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i was under the impression that the whole ID/evolution debate is usually made up of people stating their opinions. and so are the threads on this board. if they have articles and evidence to back themselves up, great. but not everyone does. i was merely stating something i thought to be true. no need to go and fuss at me.

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anyways, i'm curious, what do you all find wrong with the theory of intelligent design? what kind of scientific facts disprove it?

 

There's no more facts disproving intelligent design than there's facts disproving the idea that a giant yellow troll from Alpha Centuri gave DaVinci a pyramid of Germanium. But there's no fact to prove ID is true, they just claim evolution "isn't enough to explain the complexity of life". IDist are only attacking evolution when it fails (and it's not perfect), shouting "It's god !!!".

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i am aware that they are not the same thing. i was not speaking of evolution.

 

anyways' date=' i'm curious, what do you all find wrong with the theory of intelligent design? what kind of scientific facts disprove it? (specifically facts that just DISPROVE it. i don't want an essay on why evolution is true. what kind of evidence do you have that SPECIFICALLY disproves the idea of a creator?)[/quote']

 

You cannot go about the world beliving in everything that cannot be disproven. Can we disprove there is naturally-occurring cheese 10 trillion light years away from us? No, does it mean we should believe it? No.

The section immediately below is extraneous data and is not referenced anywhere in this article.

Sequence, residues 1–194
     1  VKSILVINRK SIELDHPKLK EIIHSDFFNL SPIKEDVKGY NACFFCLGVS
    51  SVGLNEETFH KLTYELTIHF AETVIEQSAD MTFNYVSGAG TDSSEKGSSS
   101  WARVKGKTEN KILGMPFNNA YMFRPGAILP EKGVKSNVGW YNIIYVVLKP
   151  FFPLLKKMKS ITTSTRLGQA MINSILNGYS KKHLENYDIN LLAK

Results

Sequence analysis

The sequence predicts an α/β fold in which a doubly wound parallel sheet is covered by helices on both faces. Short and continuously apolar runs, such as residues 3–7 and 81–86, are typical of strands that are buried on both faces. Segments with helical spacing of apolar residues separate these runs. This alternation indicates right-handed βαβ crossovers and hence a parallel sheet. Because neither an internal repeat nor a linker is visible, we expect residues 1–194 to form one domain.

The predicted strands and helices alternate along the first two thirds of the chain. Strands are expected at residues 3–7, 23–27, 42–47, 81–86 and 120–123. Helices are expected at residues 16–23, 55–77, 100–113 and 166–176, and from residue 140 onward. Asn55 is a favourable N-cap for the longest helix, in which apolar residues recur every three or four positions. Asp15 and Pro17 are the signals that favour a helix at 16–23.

The problem with intelligent design is that there isnt ANYTHING to prove it as a truth. It basically says, "we dont know this, why bother think about it? it was god". Science is not about "here, have an answer. Next", it is about an infinite search for truth.

 

And just because something cannot be explained right now, it doesnt mean that we will not find scientific answers in the future.

 

If you dont believe in evolution, thats cool.

See, if evolution is replaced by a better theory, we would change our minds. If ID is proven wrong, well, you get people yelling 'burn!'.

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On the McNeill- Lehrer news hour 05/05/05 there was a debate on subject topic . It was the usual 'if there is a clock there must be a clockmaker type argument " . NOBODY , however raised the obvious question host or guests , raised the question of well over a billion & half years of biological incrementalism in honing the complexity of the mechanisms of being "alive " as we understand it now . In an earlier issue of Scientific American ( I forget the issue ) there was an article on molecules capable of self replication ; surely it is not an impossible jump to say eons of natural selection on such entities could give us what we have now ? PS I totally reject the concept of intelligent design .